SunPower (NASDAQ:SPWR) continues to transform its business in 2021, partly as a result of new technologies coming out and partly because it’s no longer in the business of building solar panels after spinning off its panel manufacturing to Maxeon Solar Technologies. That makes any given quarter difficult to assess because the changes taking place don’t take hold overnight.
As we’ve seen before, there were some good trends for SunPower and some weak points for the business. Overall, I think this is a solar energy stock that has a lot of potential, but the stock’s performance will depend on how the company executes its growth strategy.
The high-level picture for SunPower
Beating or missing analyst estimates will move a stock short-term, but long-term investors should focus on where a company is trending over time. Here are the highlights I think are most important from SunPower’s second-quarter results.
- SunPower’s revenue was up 41.9% to $308.9 million on the back of a recovery in residential solar sales.
- Over the last year, adjusted EBITDA rose from negative $4 million to positive $22 million in the second quarter of 2021.
- Net recourse debt dropped from $561 million a year ago to $283 million at the end of Q2 2021.
- The balance sheet has improved because SunPower has sold some assets and paid off debt, and the company still holds 3.5 million shares of Enphase Energy (NASDAQ:ENPH), worth about $684 million.
Taken in total, SunPower’s cash flow, as approximated by adjusted EBITDA, is improving, the balance sheet is getting better, and the company still holds a large stake in Enphase that it could cash out anytime it would like. The business is moving in the right direction; it just may not be doing so as quickly as investors hoped.
The biggest question over the next few years is whether or not SunPower is investing in the right areas for growth and if both top- and bottom-line numbers will continue improving or not.
Where SunPower is growing
After SunPower spun off its manufacturing unit Maxeon Solar Technologies, the company had to decide where it was going to focus its attention. The utility-scale development business had been sold off or shut down, and now SunPower seemed focused on residential and light commercial solar (RLC), and what it calls commercial and industrial solar (C&I). But it’s now clear that RLC, and not C&I, is going to be the focus. And the reason comes down to money.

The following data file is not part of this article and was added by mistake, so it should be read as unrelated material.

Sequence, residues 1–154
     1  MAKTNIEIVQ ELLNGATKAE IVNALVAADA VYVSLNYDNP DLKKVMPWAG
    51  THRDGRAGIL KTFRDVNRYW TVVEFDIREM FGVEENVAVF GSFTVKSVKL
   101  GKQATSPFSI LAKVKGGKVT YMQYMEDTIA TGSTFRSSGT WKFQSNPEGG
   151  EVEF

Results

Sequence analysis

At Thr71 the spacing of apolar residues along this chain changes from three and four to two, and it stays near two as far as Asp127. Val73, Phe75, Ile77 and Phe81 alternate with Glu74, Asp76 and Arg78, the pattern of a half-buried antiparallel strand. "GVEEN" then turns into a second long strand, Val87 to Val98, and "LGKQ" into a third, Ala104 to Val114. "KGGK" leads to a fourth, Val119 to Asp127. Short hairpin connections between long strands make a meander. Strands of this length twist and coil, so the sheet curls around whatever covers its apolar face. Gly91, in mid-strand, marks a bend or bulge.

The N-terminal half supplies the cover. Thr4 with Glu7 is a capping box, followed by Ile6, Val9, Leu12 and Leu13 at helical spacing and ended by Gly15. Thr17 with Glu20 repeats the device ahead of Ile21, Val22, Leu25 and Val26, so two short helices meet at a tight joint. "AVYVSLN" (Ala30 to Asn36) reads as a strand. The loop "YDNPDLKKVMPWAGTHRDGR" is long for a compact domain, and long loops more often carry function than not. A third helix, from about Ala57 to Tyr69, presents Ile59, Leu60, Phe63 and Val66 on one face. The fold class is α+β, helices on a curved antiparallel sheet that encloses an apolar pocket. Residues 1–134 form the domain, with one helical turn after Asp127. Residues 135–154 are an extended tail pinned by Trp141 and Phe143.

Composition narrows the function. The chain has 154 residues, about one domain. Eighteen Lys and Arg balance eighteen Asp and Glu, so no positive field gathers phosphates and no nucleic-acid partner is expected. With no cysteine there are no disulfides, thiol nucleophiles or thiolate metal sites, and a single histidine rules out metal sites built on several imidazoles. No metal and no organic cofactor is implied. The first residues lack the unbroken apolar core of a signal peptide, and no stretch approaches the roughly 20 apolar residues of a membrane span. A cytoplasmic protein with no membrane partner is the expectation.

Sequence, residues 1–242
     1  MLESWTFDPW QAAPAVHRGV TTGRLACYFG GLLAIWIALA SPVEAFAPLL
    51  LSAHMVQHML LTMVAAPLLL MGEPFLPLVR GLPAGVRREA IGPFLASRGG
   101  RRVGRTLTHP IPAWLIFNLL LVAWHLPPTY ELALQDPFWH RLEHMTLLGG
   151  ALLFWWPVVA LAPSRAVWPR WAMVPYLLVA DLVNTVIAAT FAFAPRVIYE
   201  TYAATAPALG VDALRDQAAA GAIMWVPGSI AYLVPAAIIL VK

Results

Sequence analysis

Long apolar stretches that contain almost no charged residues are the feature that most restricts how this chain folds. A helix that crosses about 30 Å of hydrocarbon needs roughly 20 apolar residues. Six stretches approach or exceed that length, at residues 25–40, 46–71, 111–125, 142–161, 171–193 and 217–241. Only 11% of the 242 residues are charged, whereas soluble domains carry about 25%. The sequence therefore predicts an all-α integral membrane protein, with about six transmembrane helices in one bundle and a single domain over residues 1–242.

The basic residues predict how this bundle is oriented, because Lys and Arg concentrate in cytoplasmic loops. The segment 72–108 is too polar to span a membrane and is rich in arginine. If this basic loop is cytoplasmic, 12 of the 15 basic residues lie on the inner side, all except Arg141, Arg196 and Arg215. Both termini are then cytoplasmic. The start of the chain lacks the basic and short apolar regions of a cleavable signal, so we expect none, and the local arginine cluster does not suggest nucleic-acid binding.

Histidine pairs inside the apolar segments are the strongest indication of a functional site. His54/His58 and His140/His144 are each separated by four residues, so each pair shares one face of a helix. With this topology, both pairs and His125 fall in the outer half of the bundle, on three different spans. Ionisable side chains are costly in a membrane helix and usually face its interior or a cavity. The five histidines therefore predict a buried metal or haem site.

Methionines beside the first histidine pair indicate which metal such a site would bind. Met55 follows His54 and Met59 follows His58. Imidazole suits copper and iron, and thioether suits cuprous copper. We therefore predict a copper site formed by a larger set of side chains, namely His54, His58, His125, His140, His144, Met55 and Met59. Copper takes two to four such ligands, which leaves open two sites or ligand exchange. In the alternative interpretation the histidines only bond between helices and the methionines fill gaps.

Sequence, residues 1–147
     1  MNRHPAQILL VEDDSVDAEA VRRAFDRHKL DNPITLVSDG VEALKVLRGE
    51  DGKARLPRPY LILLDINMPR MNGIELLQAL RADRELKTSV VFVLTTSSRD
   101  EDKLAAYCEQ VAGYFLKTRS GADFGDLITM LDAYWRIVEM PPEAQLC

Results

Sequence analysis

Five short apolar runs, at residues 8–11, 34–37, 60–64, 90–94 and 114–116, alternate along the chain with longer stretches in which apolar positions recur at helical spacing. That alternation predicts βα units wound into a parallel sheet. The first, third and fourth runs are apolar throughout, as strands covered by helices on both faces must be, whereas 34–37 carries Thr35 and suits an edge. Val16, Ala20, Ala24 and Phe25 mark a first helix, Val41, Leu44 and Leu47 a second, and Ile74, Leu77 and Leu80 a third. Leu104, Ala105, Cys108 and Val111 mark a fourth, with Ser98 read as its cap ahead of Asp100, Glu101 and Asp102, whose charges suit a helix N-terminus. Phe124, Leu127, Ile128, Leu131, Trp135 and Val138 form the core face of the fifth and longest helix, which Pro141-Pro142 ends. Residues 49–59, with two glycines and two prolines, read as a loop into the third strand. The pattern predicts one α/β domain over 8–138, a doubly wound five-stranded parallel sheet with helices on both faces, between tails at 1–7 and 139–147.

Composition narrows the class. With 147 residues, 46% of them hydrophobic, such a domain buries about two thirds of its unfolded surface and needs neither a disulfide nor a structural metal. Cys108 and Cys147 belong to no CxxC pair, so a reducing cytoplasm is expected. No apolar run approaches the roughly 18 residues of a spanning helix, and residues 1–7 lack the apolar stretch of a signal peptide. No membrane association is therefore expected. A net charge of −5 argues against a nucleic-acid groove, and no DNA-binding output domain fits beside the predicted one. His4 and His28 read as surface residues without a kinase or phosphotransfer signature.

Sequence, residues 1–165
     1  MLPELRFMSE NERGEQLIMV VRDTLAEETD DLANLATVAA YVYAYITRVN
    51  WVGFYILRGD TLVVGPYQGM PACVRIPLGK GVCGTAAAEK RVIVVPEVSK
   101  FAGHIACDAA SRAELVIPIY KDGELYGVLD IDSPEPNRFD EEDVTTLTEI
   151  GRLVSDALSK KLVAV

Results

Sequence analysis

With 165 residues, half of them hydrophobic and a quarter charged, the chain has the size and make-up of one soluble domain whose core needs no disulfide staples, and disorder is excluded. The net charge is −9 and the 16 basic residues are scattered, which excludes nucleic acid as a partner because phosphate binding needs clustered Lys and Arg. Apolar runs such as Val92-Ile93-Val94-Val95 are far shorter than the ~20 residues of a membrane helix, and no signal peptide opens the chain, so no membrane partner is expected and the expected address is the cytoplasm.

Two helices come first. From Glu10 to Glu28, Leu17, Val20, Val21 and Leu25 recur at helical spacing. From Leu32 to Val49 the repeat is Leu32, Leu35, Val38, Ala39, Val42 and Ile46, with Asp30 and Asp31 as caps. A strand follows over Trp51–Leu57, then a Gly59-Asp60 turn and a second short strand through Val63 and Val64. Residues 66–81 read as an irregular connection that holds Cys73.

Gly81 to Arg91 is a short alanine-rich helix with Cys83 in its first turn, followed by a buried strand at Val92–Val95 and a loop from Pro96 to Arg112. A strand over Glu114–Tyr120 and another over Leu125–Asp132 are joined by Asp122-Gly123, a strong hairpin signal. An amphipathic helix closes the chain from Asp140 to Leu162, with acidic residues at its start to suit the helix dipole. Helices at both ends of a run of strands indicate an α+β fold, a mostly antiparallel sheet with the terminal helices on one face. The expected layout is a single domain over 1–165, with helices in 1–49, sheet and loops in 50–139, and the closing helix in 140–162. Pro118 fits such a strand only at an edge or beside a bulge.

From a volume standpoint, RLC is much bigger than C&I for SunPower. Megawatts (MW) deployed in RLC during the second quarter were up 43% to 107 MW, which does include a bounce coming out of the pandemic. C&I volume was 18 MW, up 20% from a year ago. The growth numbers are skewed because Q2 2020 was impacted by the pandemic, but the trend of more focus and growth heading to RLC holds over time.
Gross margin for RLC was 23.5% compared to 2.2% for the C&I segment. C&I has long struggled with low margins, in part because commercial and industrial customers pay electrical utility bills differently than residential customers, normally paying for both total maximum capacity (MW) deployed as well the quantity of usage (MW-hrs). It’s no surprise given the operating backdrop and these margins that SunPower is focusing investment more on the RLC business and less on C&I.
On the RLC side of the business, SunPower has spent years building tools that will make it easy to get a quote for a solar installation, connect with an installer, and then track solar production. Energy storage was added with SunVault, which is still being scaled across the country. Another addition last quarter was the Wallbox electric vehicle partnership that also brings EV charging into the equation. Energy storage and EV chargers could add both incremental revenue and margin for RLC solar installations while putting in place the components needed to become a smart-home company. And ultimately that’s what SunPower would like to be.
Is SunPower falling behind the competition?
One of the reasons investors may not be terribly impressed with SunPower’s results is because competitors are growing even more quickly. Here are some highlights from recent earnings reports from the second quarter of 2021:
- SolarEdge (NASDAQ:SEDG) revenue was up 45% from a year ago to $480.1 million, and gross margin was 32.5%.
- Enphase Energy’s revenue was up 152% in the quarter to $316.1 million, and gross margin was 40.4%.
- Sunrun (NASDAQ:RUN) recently reported earnings and expects 30% installation growth this year.
SolarEdge and Enphase are component suppliers, so they’re in a different segment of the market than SunPower, but they’re inevitably compared.
What I think investors need to focus on long-term is whether or not SunPower can maintain or grow its market share as the solar industry grows, or whether it’s losing ground. One quarter isn’t going to tell us that trend, so I’m skeptical we can draw too many conclusions from Sunpower’s quarter versus competitors’.
The bottom line
SunPower continues to grow its install base, expand its offerings to customers, and build tools that small, local installers can use to grow their business in solar, energy storage, EV charging, and eventually the smart home. I think that could be a winning strategy long-term. Results will be lumpy, but right now the company is headed in the right direction — and if that continues, the stock could be a great performer for investors.
This article represents the opinion of the writer, who may disagree with the “official” recommendation position of a Motley Fool premium advisory service. We’re motley! Questioning an investing thesis — even one of our own — helps us all think critically about investing and make decisions that help us become smarter, happier, and richer.
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